HM’s deficit included memories not only of new facts (semantic memory) but also of events (episodic memory). Yet he could retain a number or a visual image for a short period of time after learning it. He also remembered events from his childhood. Scoville and Milner posited that the medial temporal lobes were needed to generate recent, but not remote, memories. In later experiments, such long-term memories were discovered to be stored in the cortex, including areas that originally processed the information.
In 1962, Milner conducted a now famous experiment that yielded surprising results: despite all his deficits, HM was able to learn new motor skills. Milner asked HM to trace the outline of a star shown in a mirror. He could see only his hand, because the pencil and star were reflected in the mirror, with left and right reversed. Over the course of several days, HM performed this mirror-tracing task, and on each sequential attempt, he reduced the time it took and made fewer errors. Yet each time he began to trace the star once again, he told Milner that he had never done it before. Though he lacked “declarative memory” (that is, awareness of prior attempts), HM was able to retain his level of improved performance for as long as a year. Milner concluded that such skills, which depend on visual perception and motor ability, appear to involve brain regions outside of the medial temporal lobes.
Two luminaries in the field, Larry R. Squire, at the University of California, San Diego, and the Nobel laureate Eric R. Kandel, at Columbia University, describe these studies on HM in their elegant and engaging book, Memory. Written in accessible language for a lay reader, the authors illustrate fundamental discoveries about memory using works of art. One particularly illuminating reproduction is Black Wall by Louise Nevelson, in which the artist displays whole and fragmented found objects in crates fixed together as a unit. Squire and Kandel find this “reminiscent of the composition of the brain in which separate modules cooperate to support declarative memory.”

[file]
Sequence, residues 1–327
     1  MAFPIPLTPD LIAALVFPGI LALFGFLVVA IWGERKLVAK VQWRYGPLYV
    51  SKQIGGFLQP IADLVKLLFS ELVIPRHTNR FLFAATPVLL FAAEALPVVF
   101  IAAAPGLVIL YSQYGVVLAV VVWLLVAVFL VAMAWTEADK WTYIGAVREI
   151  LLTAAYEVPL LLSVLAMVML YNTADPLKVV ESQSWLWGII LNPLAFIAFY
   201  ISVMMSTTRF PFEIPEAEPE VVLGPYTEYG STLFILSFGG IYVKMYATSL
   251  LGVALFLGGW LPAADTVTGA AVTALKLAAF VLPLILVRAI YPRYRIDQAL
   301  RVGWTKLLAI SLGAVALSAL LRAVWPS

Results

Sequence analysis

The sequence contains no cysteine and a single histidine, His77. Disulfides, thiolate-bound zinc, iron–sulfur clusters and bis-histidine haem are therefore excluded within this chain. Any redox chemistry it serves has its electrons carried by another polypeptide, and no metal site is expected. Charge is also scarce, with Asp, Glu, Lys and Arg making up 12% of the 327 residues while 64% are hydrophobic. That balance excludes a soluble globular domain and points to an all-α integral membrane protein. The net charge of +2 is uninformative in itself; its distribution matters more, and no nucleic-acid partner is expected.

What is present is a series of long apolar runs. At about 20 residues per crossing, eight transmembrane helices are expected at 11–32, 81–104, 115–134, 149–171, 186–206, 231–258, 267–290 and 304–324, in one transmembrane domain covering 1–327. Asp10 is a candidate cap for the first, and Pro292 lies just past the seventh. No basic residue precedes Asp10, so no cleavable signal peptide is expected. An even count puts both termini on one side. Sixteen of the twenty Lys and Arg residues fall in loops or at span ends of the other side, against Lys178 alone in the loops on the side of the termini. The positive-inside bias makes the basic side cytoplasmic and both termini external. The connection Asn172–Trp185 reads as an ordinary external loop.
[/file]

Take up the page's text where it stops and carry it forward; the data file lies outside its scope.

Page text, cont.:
My memory of the topography of my home allowed me to exit the bedroom in the dark, walk to the kitchen, and locate the pantry. Topographical memory was remarkably preserved in HM. Twenty-four years after his operation, on a visit to MIT, Suzanne Corkin, a researcher at the Department of Brain and Cognitive Sciences, asked him to draw a floor plan of his former house. He did so successfully.
The understanding of topographical memory was greatly advanced in 1971 when British researchers at University College London discovered that the hippocampus, that seahorse-shaped structure in the brain, can form an internal representation—a cognitive map—of a spatial environment. Our location in space appears to be encoded in the firing pattern of what are called pyramidal cells, specifically the subset of pyramidal cells aptly called place cells. When an animal moves around and enters different regions of a familiar environment, different place cells in the hippocampus fire, providing a moment-to-moment location within the environment.2